Denavir is a topical medication that helps; but when used alone, it is not as effective as any of the oral medications.

What are cold sores and canker sores?

Cold sores and canker sores are oral lesions that can cause pain and discomfort. Cold sores, also known as fever blisters, are painful, fluid-filled blisters that often appear in clusters and are caused by the herpes simplex virus. Canker sores are shallow ulcers in the mouth that can make eating and talking uncomfortable.



How are cold sores and canker sores treated?

Both cold sores and canker sores go away on their own and the pain generally lessens within a few days.  

Cold sores and canker sores can be treated with ointments, creams, rinses, and oral medications.

These types of treatment can reduce healing time by one or two days and can lessen the uncomfortable symptoms.

If you notice the signs of a cold sore, such as a tingling, itching, or painful feeling around your mouth and lips, schedule an appointment for treatment as soon as possible.

By catching the cold sore early, oral medications can prevent it from breaking out.

If you already have a cold sore, oral medications( Zovirax,Valtrex and Famvir) help the sore heal much faster and will reduce the discomfort.


While the herpes simplex virus cannot be cured, repeated oral therapy can prevent future cold sore outbreaks.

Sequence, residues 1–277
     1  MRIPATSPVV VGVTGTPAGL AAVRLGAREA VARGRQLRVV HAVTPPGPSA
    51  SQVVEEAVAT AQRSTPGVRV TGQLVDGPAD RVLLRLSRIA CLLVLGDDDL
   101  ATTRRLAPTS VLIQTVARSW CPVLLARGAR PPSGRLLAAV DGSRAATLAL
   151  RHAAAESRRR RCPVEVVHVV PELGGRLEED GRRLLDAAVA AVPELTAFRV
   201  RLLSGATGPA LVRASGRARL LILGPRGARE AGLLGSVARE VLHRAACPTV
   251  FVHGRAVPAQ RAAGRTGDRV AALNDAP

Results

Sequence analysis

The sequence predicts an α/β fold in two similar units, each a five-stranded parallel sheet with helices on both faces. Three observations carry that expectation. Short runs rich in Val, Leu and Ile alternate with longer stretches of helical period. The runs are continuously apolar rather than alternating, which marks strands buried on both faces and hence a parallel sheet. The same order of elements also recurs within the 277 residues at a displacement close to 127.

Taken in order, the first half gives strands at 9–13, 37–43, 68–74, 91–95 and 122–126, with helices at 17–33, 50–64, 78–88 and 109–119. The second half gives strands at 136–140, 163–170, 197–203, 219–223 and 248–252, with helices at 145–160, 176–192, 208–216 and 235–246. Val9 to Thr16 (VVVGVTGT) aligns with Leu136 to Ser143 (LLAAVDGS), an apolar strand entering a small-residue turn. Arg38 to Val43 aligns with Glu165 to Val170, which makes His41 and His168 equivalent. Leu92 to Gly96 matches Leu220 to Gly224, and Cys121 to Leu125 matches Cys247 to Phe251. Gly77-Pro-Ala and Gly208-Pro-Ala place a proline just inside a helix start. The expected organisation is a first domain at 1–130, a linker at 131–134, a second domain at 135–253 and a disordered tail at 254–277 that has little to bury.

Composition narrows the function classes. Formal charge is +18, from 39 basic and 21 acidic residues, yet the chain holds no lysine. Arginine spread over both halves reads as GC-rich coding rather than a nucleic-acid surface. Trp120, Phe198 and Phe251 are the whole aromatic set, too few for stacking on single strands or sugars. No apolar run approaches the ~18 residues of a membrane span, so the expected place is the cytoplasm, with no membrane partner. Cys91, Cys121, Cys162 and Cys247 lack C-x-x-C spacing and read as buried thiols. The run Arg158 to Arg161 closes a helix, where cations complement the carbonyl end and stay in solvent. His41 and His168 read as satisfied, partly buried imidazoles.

Oral therapy can also lessen the pain from a canker sore and promote faster healing.


What are the benefits of using oral or laser to treat cold sores and canker sores?


Oral medications or alternative laser therapy can stop the progression of the lesion

Cold sores and canker sores heal faster without further discomfort

Pain relief is immediate

Cold sores can be prevented if treated once the lips begin to tingle or itch

Anti-Viral meds destroys the virus that causes cold sores

Alternative laser treatment takes just a few minutes and can be performed without anesthesia

Cold sores and canker sores recur with less intensity and frequency at the same location after laser or oral medications treatment.


Antiviral pills are your best choice for the treatment of oral herpes which are proven. They are more reasonably priced and work better.

Low-level laser therapy (LLT) as an alternative treatment method  in long-term suppression of herpes simplex infections has yet to be established.

The question of whether these effects of low-level laser therapy have any influence on HSV infection remains to be determined.



Antiviral therapy
hastens the healing of lesions if treatment is initiated in the early stage.

No studies compare the three, so think about which one is easier to take and at the best price.